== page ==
The Carcass/Convict Kerfuffle

America’s command-and-control supervisor, Barack Obama, hawks the federal government as the answer to all the nation’s problems from job creation to health care reform.   The feeling must be mutual because in 2009 it appears as if government workers had not fully recuperated from the revelry surrounding the historic inauguration of Barack Obama.  In fact, bureaucrats were so tuckered out from screaming “Yes We Can” that 89,000 stimulus checks were sent to the jail-and-coffin bound.

The Social Security Administration’s inspector general said in a report Thursday that $18 million went to 72,000 people who were dead. The report estimates that a little more than half the payments were returned.

The report said $4.3 million went to a little more than 17,000 prison inmates.

The payments were part of the government’s massive economic recovery package enacted in February 2009. Under the law, the $250 payments were sent to about 52 million Social Security recipients and federal retirees.

The situation, though shocking, is not as bizarre as it may seem because what appears illogical to the normal likely makes perfect sense to government.

Truth is, many longsuffering people passed away while waiting years for a “piece of the pie” to arrive in the mail. Dispersing stimulus checks to 72,000 cadavers is a unique opportunity to provide the cynical proof that large inefficient bureaucracies do not allow minor obstacles to impede following through on obligations. Being room temperature or, worse yet, incarcerated should not be an excuse to keep potential recipients from collecting simulative funds or to discriminate based on either pulse rate, or felonious behavior.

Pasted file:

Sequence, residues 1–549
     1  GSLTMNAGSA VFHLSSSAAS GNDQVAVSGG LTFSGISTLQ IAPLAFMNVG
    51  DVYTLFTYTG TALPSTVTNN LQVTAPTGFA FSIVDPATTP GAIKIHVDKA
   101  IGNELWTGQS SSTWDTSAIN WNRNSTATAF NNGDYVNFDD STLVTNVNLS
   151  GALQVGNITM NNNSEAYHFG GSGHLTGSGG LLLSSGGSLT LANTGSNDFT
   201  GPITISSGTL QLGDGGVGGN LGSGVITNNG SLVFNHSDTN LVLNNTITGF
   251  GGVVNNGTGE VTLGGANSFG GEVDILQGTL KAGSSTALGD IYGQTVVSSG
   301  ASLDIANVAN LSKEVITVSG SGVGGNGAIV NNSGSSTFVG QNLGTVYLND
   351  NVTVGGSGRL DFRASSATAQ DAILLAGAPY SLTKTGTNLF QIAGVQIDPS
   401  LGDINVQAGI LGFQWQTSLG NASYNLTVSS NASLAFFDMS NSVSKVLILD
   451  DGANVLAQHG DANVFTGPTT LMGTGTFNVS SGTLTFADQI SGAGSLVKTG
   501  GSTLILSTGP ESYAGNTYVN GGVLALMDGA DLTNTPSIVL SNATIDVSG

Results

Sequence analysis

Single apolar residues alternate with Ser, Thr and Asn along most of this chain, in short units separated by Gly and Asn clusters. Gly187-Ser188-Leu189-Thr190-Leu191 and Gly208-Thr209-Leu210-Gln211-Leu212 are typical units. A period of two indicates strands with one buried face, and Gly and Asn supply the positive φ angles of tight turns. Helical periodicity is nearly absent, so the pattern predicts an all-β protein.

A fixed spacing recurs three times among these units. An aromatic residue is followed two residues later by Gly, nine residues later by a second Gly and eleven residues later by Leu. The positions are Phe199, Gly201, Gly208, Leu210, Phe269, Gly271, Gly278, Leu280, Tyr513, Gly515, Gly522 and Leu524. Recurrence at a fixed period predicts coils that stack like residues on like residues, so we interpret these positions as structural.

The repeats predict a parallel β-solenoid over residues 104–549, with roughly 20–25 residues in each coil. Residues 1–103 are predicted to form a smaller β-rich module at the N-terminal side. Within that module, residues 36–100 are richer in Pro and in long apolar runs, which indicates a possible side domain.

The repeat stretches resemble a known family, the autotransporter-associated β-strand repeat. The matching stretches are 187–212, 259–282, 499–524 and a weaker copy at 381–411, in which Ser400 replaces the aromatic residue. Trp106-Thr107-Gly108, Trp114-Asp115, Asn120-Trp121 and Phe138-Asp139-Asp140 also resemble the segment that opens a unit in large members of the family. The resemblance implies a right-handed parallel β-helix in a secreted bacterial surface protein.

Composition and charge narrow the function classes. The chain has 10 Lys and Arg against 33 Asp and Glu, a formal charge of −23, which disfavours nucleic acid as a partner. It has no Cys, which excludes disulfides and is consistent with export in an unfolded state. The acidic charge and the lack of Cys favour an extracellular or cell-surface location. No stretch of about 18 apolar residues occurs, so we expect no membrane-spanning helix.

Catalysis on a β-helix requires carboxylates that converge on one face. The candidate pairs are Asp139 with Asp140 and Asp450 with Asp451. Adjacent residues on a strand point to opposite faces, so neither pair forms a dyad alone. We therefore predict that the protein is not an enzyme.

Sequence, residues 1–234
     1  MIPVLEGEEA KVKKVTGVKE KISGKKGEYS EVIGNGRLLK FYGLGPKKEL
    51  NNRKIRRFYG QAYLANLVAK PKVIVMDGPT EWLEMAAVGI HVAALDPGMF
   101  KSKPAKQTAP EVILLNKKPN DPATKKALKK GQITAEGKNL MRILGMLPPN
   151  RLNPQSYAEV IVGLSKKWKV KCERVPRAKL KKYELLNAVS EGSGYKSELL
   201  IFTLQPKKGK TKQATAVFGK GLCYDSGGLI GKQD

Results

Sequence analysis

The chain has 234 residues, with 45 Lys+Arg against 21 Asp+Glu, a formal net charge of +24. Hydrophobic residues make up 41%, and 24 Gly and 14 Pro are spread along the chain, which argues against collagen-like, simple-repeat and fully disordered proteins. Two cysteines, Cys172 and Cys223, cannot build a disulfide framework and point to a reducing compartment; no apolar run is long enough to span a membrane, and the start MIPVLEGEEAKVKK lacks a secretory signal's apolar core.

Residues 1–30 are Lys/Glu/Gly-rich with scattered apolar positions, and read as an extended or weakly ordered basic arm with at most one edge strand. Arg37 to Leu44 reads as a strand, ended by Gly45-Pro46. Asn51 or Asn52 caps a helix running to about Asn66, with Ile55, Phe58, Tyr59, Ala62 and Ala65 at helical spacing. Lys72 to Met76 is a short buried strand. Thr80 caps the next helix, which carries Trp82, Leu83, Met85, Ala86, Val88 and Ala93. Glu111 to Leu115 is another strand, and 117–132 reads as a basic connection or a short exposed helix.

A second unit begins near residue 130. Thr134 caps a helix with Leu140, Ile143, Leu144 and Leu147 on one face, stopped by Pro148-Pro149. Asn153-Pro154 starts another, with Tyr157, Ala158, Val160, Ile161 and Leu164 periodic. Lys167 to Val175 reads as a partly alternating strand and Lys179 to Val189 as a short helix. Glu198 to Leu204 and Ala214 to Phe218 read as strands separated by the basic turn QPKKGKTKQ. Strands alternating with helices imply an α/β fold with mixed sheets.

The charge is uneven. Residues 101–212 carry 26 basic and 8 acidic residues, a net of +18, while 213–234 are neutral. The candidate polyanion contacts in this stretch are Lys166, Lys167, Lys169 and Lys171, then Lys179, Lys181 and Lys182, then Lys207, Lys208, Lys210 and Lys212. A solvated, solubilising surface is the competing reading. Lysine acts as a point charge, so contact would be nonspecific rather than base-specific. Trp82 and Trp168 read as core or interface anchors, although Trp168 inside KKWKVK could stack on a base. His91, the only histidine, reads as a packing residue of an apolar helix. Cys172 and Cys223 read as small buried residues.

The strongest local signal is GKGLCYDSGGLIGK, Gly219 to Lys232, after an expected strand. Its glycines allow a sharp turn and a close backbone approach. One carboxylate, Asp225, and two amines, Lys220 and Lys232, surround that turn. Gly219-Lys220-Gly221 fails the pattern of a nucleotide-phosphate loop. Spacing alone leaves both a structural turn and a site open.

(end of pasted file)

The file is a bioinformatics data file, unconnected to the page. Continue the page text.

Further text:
If the forthright nature of the federal government isn’t enough to warm the cockles of America’s heart, the Social Security Administration’s inspector general reported that out of the 89,000 stimulus payments more than half were returned totaling a little more than 44,500.  If you exclude the 17,000-prison endowments, which obviously don’t count, it appears as if 27,500 extremely honest people, albeit deceased, somehow managed to find a way to return money to the federal government from beyond the grave.

Dead people returning misappropriated funds-to-sender could provide script material for the President to use to raise public opinion of the unpopular $787 billion bill. Barack could star in an infomercial and share with the skeptical how the startling phenomenon of corpses-with-character, returning unusable checks, is an example of how the stimulus bill actually “stimulated” miracles.

As an aside, although not an insinuation or condemnation, if agencies are unable to determine whether 89,000 people are dead or incarcerated are these same individuals equipped to administer error-free government health care to 300 million Americans?

Probably not, but on the bright side, the jailbird/carcass error actually affected only 17% of the total population of Social Security recipients.  If in the future a similar percentage of slip-ups were made by government employed health care officials and hands-on civil service workers the impact would only affect about a ½ a million people.

Ironically, five hundred thousand health care mistakes has the potential to virtually wipe out the entire population of Washington DC.  Although losing every person in the nation’s capital would be calamitous, such a momentous event would bestow on America the unexpected benefit of fatal errors, healthcare or otherwise, dwindling to practically zero.

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